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Educator was thief, abuser, D.A. says

The Rev. Charles Newman, former leader of Archbishop Ryan High, is charged with stealing $900,000.

A Franciscan friar who taught at Archbishop Ryan High School molested at least three students a decade ago and later, as school president from 2002 to 2003, stole $900,000 from the Archdiocese of Philadelphia and his religious order to enrich himself and provide drugs, alcohol and cash for at least one victim, District Attorney Lynne M. Abraham said yesterday.

In presenting a grand jury's multi-count theft-and-forgery indictment against the Rev. Charles Newman, 57, Abraham said at least $53,000 in checks and cash went to the late Arthur Baselice, who in the 1990s attended Archbishop Ryan, Philadelphia's largest Roman Catholic high school.

Abraham said that many of the payments were made openly, in front of bookkeepers and other staff who became concerned and complained to administrators about the apparent impropriety.

Before his death of a drug overdose in 2006, which Abraham characterized as "suicide," Baselice filed an unsuccessful civil suit against the archdiocese, saying Newman "routinely performed oral sex" on him while plying him with drugs and alcohol.

Baselice's lawyer, Jay N. Abramowitch, said in court filings that the abuse caused his client's lifelong problems with cocaine, marijuana and alcohol.

It was not immediately clear whether Newman had retained a lawyer. A message left at the Wisconsin friary where prosectors said he now lives was not immediately returned.

The archdiocese said yesterday in a statement: "The fraudulent use of funds was a betrayal. The greater tragedy was the sexual abuse of a minor which was discovered by the archdiocese during the financial audits."

Officials said Baselice made the sexual-assault allegations after the deadline for filing sex-abuse charges had passed.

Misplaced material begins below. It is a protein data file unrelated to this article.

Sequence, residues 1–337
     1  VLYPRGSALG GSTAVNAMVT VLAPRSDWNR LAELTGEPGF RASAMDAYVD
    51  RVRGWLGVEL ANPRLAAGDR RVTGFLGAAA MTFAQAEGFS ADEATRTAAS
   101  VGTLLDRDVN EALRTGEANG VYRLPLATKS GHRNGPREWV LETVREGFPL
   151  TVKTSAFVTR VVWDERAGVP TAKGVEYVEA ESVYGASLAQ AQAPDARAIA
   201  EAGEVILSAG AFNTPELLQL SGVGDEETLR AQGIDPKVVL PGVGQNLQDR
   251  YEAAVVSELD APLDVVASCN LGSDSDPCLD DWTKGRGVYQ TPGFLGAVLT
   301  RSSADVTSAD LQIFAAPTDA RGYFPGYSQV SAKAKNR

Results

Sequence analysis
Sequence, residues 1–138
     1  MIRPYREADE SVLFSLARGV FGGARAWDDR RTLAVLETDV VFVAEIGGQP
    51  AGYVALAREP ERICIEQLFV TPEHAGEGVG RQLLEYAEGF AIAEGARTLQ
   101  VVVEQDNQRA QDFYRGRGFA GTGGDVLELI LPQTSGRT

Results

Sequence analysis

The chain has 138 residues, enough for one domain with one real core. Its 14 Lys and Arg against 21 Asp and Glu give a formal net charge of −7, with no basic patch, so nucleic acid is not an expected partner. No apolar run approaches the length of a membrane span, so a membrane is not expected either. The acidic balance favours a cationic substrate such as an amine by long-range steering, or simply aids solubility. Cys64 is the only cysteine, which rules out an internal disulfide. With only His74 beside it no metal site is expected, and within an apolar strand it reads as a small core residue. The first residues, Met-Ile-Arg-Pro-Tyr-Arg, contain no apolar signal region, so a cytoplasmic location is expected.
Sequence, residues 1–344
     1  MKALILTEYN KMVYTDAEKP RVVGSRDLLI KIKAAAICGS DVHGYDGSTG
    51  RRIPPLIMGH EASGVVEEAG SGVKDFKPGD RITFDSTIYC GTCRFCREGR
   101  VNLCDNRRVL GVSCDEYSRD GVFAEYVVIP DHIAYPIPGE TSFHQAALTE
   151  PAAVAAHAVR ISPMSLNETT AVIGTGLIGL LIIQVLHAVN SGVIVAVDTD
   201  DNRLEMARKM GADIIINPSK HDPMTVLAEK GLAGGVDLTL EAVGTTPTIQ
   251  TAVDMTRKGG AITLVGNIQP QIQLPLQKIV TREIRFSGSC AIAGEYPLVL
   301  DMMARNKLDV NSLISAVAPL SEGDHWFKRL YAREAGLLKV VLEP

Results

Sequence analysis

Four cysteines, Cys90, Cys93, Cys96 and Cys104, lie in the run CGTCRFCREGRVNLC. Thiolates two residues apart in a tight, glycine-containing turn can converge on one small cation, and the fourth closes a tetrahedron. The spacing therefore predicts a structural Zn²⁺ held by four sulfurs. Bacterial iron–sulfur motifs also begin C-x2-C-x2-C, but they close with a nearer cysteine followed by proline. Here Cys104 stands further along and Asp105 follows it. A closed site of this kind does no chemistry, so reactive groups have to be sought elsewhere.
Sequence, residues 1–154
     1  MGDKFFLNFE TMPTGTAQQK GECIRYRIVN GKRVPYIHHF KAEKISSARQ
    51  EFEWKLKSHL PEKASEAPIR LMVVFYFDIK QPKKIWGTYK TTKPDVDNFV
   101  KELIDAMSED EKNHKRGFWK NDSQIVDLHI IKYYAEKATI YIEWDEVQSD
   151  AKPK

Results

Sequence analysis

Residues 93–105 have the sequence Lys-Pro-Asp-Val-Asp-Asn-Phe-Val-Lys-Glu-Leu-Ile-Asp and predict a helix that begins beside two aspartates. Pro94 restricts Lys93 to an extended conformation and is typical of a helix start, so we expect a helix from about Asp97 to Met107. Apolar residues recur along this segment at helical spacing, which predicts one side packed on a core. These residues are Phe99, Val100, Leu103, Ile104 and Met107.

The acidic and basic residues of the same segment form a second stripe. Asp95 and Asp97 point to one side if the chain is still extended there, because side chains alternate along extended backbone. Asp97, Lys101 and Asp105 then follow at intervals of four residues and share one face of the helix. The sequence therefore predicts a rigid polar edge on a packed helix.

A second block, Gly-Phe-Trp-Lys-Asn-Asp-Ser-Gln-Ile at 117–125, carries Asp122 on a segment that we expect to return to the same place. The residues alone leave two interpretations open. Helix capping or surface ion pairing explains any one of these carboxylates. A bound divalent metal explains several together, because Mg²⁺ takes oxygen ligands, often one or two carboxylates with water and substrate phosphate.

Newman, a teacher and principal at the Northeast Philadelphia school for 22 years, became president of the school in July 2002 and was fired in November 2003 after a forensic audit revealed some of the alleged thefts.

At that time, said Abraham, Newman admitted he had made mistakes and was ordered by the church to undergo counseling and treatment for "sexual predatory conduct."

Pressuring students for sex and using drugs and alcohol to seduce them, Newman led them "from the office, then to the rectory, then to his bedroom," Abraham said.

Among the alleged financial improprieties, she said, were accusations that he exchanged the school's "two very expensive grand pianos" for inferior replacements and pocketed the cash difference.

A subsequent investigation by the district attorney revealed the thefts from the friary.

Abraham said she was convinced that Newman was "hopelessly lost in his relationship and guilt" and that Baselice was not blackmailing him.

"I don't believe it was extortion. If you're going to extort someone, you don't do it in front of a bookkeeper," she said.

Cases involving clergy sexual abuse are particularly thorny, Abraham said.

"Sexual involvement with a person of high regard is doubly difficult," Abraham said, "because you are essentially accusing someone who represents God's word on Earth."

In addition to the school's financial accounts, Newman had control over Franciscan friary accounts, Abraham said. The Franciscans, a teaching order, are contracted by the archdiocese to provide staff at Archbishop Ryan.

The indictment charges Newman with six counts of felony theft and one count of felony forgery. The forgery charge stems from his alleged use of another friar's signature stamp to approve dubious transactions.

Newman currently lives in a retirement home for Franciscans in Pulaski, Wis., Abraham said. She called on him to immediately turn himself in.

"That doesn't mean after Christmas," she said. "It means as soon as he can get on a plane."

If he fails to return voluntarily, she said, she will seek his extradition.